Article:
[Lightning-dev] An Argument For Single-Asset Lightning Network

James Asefa jamesasefa at gmail.com
Thu Dec 27 22:33:43 UTC 2018

It seems like the router in this case is essentially short a straddle on
the BTC vs. WJT exchange rate with almost 0 premium. One way for the router
to hedge this is to be long an equivalent straddle by constructing their
own cross-chain payment to themselves with some other node, for the same

This obviously can't scale to all participants, but can possibly provide a
hedge for a single node.

On Thu, Dec 27, 2018 at 1:33 PM Tamas Blummer <tamas.blummer at gmail.com>

> ZmnSCPxj,
> Brilliant reasoning. I sum it up to make it more accessible:
> Failing to route on purpose can be used to opt out of a previously agreed
> exchange of two differents assets.
> A rational actor will opt out if the exchange is no longer fair. Anyone
> who grants an option for free heads financial disaster.
> This is not an issue for same asset exchange, as in payment routing, since
> the exchange remains fair at any later time point.
> Although there is no escape from above reasoning, a market maker could
> still be profitable as long as the option is worth less than the bid-ask
> spread.
> Therefore the issue does not mean that LN cross asset exchange is not
> feasible, but that there is lower bound on bid-ask spread, that of the
> option premium.
> Tamas Blummer
> > On Dec 27, 2018, at 06:43, ZmnSCPxj via Lightning-dev <
> lightning-dev at lists.linuxfoundation.org> wrote:
> >
> > HTLCs as American Call Option, or, How Lightning Currently Cannot Work
> Across Assets, or, An Argument For Single-Asset Lightning Network
> >
> > Introduction
> > ============
> >
> > In theory, the Lightning Network could potentially perform "seamless"
> currency conversions, allowing a payer to spend one currency to pay a payee
> requesting for another currency.
> > However, a significant technical barrier prevents implementation of such
> feature as of current designs (late 2018) for Lightning.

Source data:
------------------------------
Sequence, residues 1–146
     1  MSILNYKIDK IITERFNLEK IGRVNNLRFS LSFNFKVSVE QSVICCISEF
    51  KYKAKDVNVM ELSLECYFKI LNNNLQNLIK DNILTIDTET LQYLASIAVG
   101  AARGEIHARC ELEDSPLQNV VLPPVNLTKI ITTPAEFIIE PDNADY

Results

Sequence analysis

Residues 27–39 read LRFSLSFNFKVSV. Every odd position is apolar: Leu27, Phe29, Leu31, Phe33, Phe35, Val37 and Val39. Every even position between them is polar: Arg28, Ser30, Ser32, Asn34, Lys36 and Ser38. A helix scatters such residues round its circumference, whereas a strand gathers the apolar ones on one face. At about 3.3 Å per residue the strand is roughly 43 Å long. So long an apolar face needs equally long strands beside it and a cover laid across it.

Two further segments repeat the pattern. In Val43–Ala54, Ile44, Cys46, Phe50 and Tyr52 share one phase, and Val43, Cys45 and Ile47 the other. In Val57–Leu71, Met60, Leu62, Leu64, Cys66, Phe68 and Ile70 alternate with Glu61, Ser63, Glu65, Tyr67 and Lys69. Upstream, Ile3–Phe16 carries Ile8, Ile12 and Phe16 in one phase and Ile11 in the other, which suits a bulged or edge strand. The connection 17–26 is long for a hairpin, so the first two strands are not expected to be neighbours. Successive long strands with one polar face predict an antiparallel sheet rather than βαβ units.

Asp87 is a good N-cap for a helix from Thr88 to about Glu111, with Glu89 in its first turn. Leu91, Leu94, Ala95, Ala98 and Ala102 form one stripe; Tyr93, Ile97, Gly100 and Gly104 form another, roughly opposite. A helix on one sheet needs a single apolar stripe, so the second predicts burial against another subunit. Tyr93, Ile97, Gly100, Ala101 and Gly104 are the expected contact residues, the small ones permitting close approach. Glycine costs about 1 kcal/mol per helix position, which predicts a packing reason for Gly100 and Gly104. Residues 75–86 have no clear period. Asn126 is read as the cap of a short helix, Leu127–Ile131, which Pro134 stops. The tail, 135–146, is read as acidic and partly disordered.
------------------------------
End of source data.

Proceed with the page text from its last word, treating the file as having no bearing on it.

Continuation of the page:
> >
> > The root cause of this significant technical barrier is the use of
> hashlocked timelocked contracts to route payments.
> > HTLCs can be used across cryptocurrency systems to transfer value
> between them.
> > From this point-of-view, every single Lightning Network channel is a
> cryptocurrency system whose custodians are two entities, who are the only
> entities who can use the system (the single Lightning Network channel).
> > HTLCs allow cross-system trades to be performed, so that participation
> on any single Lightning Network channel can be leveraged to participation
> over the entire Lightning Network.
> >
> > However, HTLCs can also be used to construct American Call Options.
> > Further, due to UX concerns, on the Lightning Network, there is no cost
> incurred in merely setting up HTLCs for routing.
> > By using the low-level HTLCs provided as primitives by Lightning
> Network, one can set up American Call Options.
> > These on-Lightning American Call Options, however, can be "purchased"
> for free (gratis), thus potentially earning money in a completely risk-free
> manner.
> > Abusing this gratis ability means that any Lightning Network node
> advertising cross-asset on-Lightning exchange will find large amounts of
> its liquidity tied up in stalled forwarding payments (in reality, American
> Call Options) with a risk of monetary loss in case of large fluctuations in
> exchange rate.
> >
> > Hashlocked Timelocked Contracts as American Call Options
> > ========================================================
> >
> > An American CallOption is a right (but not obligation) to purchase an
> asset at a specific price, on or before an expiration date.
> > HTLCs allow building American Call Options.
> >
> > Suppose we have Bitcoin, and some other asset, and both are on
> blockchains that support the same hash function and can define HTLCs.